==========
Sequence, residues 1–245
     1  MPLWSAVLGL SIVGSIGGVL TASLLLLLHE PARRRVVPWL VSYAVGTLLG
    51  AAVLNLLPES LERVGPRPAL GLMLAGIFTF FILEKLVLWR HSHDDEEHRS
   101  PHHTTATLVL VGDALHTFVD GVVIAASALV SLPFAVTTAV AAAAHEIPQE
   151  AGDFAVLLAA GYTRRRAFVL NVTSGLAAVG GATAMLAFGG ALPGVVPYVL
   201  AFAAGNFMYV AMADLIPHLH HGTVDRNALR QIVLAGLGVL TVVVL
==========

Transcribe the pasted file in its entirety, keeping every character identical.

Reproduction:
Sequence, residues 1–245
     1  MPLWSAVLGL SIVGSIGGVL TASLLLLLHE PARRRVVPWL VSYAVGTLLG
    51  AAVLNLLPES LERVGPRPAL GLMLAGIFTF FILEKLVLWR HSHDDEEHRS
   101  PHHTTATLVL VGDALHTFVD GVVIAASALV SLPFAVTTAV AAAAHEIPQE
   151  AGDFAVLLAA GYTRRRAFVL NVTSGLAAVG GATAMLAFGG ALPGVVPYVL
   201  AFAAGNFMYV AMADLIPHLH HGTVDRNALR QIVLAGLGVL TVVVL